Brown and black wild hog in forestWild Hogs

Wild hogs, also known as feral swine or wild pigs, are a large species of pig common in the wild in certain parts of the United States. They are primarily found in the Southern area of the country, but are found in California and also have a limited presence in the Midwest. If you are facing a wild hog problem on your property, please call Wildlife X Team® at (817) 431-3007 today for full-service wild hog removal and trapping!

Are Wild Hogs Dangerous?

You might be wondering "what kind of damage do wild hogs cause?" The major issues with wild hogs are the impact they have on agriculture, their aggression toward humans, and the diseases they can transmit to humans. Believe it or not, wild hogs are also responsible for a number of vehicular accidents on the road every year. Learn more about wild hog problems below.

Wild Hogs Attacking Humans

Though they typically attack when they feel threatened, provoked, or hurt, occurrences of attacks are not incredibly common. However, wild hogs are capable of wounding humans with their razor-sharp tusks, which are actually teeth. Both male and female wild hogs utilize their tusks for defense, with a stabbing, slashing, or biting motion.

Wild Hog Diseases

As a wildlife animal, the wild hog is host to a number of infectious illnesses including toxoplasmosis, tularemia, swine flu, hepatitis E, leptospirosis, and more.

Wild Hog Crop Damage

A USDA study reported that feral swine are responsible for up to $1.5 billion in damage to crops each year in the US. 

About Wild Hogs

What Do Wild Hogs Look Like?

  • Feral pigs can weigh up to 700 lbs. 
  • They look similar to a regular hog but are typically thinner and hairier.
  • Their tusks are prominent, protruding from their bottom jaw.
  • Feral pigs generally breed year-round; litters range from one to seven, averaging two per sow. An average of one to three suckling pigs usually accompanies brood sows. The heat period is only about 48 hours in duration and the average gestation period is 115 days.

Where Do Wild Hogs Like to Live?

  • Also referred to as feral pigs, wild hogs in Texas descended from introductions of European wild hogs for sporting purposes, and from escaped domestic swine that have established feral populations. European wild hogs have several distinguishing characteristics that set them apart from domestic or feral hogs. European wild hogs and feral hogs interbreed readily, with traits of European wild hogs apparently being dominant.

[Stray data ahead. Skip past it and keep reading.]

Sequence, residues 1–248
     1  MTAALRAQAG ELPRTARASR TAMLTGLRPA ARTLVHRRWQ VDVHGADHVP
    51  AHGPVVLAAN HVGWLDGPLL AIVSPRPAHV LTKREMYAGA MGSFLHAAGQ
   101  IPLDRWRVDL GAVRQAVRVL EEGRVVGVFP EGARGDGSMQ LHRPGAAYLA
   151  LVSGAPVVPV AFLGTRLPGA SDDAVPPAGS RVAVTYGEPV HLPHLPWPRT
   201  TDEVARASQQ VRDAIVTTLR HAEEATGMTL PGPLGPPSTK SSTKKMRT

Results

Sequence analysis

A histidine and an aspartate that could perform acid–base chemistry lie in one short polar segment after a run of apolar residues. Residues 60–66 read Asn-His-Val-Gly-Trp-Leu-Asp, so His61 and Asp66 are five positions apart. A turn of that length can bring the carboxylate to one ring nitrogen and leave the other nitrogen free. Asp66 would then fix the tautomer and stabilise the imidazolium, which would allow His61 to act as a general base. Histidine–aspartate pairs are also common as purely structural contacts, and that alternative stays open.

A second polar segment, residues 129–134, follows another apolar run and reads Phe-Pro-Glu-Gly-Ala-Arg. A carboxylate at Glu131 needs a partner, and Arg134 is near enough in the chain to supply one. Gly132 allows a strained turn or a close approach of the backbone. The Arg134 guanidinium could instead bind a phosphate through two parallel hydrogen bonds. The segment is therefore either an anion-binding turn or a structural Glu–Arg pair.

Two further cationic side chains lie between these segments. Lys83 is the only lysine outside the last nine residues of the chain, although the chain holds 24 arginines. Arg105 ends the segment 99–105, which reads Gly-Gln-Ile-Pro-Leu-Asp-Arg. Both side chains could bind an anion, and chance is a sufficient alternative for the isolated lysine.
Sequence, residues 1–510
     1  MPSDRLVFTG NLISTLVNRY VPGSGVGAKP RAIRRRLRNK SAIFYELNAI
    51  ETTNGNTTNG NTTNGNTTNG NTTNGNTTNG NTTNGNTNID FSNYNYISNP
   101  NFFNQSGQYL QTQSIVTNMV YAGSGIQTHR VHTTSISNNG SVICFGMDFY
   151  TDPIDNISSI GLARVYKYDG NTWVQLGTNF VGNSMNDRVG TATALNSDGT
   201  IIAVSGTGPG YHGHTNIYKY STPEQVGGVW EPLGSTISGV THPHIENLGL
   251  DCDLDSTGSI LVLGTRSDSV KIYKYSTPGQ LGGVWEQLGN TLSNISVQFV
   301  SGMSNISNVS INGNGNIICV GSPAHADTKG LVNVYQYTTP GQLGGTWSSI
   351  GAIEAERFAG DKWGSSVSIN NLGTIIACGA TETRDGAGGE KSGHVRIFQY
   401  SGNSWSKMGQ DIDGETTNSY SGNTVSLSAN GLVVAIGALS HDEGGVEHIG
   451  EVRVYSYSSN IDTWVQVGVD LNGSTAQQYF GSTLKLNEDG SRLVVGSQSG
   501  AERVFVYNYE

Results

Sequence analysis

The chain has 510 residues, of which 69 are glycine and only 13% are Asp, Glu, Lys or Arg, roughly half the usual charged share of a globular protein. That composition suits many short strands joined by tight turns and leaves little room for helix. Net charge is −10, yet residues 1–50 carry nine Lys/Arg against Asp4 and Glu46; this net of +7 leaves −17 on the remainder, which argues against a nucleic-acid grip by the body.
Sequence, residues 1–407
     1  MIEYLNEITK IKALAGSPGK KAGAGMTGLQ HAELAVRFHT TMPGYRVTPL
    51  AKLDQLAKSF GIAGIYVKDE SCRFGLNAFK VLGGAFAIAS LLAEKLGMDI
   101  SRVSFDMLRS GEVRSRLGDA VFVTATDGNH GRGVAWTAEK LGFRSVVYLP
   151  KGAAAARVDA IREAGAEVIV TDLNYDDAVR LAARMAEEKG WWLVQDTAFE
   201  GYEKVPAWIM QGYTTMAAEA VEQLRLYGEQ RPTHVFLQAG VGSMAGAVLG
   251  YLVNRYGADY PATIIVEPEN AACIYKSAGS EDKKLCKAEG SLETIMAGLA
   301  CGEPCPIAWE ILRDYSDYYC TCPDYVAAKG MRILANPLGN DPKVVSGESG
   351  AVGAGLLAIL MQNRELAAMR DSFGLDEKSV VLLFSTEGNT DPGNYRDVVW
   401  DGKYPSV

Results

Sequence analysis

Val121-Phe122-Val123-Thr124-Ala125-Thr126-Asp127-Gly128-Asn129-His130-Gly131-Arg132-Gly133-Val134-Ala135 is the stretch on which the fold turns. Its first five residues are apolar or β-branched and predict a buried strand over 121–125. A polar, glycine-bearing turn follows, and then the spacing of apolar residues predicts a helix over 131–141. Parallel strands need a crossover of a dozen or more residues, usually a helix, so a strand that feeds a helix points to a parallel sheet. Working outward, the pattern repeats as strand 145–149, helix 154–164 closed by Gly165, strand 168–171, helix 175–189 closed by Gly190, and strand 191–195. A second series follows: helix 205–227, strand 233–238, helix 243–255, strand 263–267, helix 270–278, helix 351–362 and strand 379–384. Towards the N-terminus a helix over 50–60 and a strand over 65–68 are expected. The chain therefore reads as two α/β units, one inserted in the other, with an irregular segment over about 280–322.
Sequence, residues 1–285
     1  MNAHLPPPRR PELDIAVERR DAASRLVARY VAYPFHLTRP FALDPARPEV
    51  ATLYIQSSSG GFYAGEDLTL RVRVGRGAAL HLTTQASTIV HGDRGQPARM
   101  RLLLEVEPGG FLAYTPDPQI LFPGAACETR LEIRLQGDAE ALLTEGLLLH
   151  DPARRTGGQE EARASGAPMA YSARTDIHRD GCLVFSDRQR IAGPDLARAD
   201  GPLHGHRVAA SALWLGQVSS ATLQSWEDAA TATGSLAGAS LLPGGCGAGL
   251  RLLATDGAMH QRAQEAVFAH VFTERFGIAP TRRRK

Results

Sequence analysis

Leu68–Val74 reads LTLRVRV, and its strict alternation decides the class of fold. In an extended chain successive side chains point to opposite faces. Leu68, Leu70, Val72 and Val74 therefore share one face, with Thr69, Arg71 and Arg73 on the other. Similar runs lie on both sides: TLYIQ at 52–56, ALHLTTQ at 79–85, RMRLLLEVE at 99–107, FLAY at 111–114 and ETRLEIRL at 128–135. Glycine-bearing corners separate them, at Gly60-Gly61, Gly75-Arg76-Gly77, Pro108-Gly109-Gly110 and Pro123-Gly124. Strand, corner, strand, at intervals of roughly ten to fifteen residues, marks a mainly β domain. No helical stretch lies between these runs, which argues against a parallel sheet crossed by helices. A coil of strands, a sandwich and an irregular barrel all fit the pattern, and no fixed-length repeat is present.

• Feral pigs have established sizeable, free-ranging populations in various places on the Rio Grande and Coastal Plains, as well as the wooded country of eastern Texas.
  • Good feral hog habitat in timbered areas consists of diverse forests with some openings. During hot summer months, “wallows,” or depressions dug in the mud by feral hogs, are much in evidence near marshes or standing water, such as along roadside ditches.

What Do Wild Hogs Eat?

  • On the Texas coast, feral pigs eat a variety of items, including fruits, mushrooms, invertebrates, and roots, depending on the season. Herbage eaten by feral pigs includes water hyssop, pennywort, frog fruit, spade leaf, onion, and various grasses while important roots used for food include bulrush, cattail, flatsedges, and spiked edges.
  • Feral pigs can have detectable influences on wildlife and plant communities as well as domestic crops and livestock. Feral pigs also compete, to some degree, with several species of wildlife for certain foods, particularly domestic crops and feed grains.

Getting Rid of Wild Hogs

Wild hogs are game animals, and many people enjoy hunting them. Wild hog trapping and prevention are generally considered more effective, however, so we don't recommend DIY wild hog trapping—instead, call the professionals at Wildlife X Team®! We have many years of experience trapping these intelligent and dangerous creatures, so trust us to get wild hogs off your property for good! Call (817) 431-3007 today!

To learn more about getting rid of wild hogs, check out our blog post!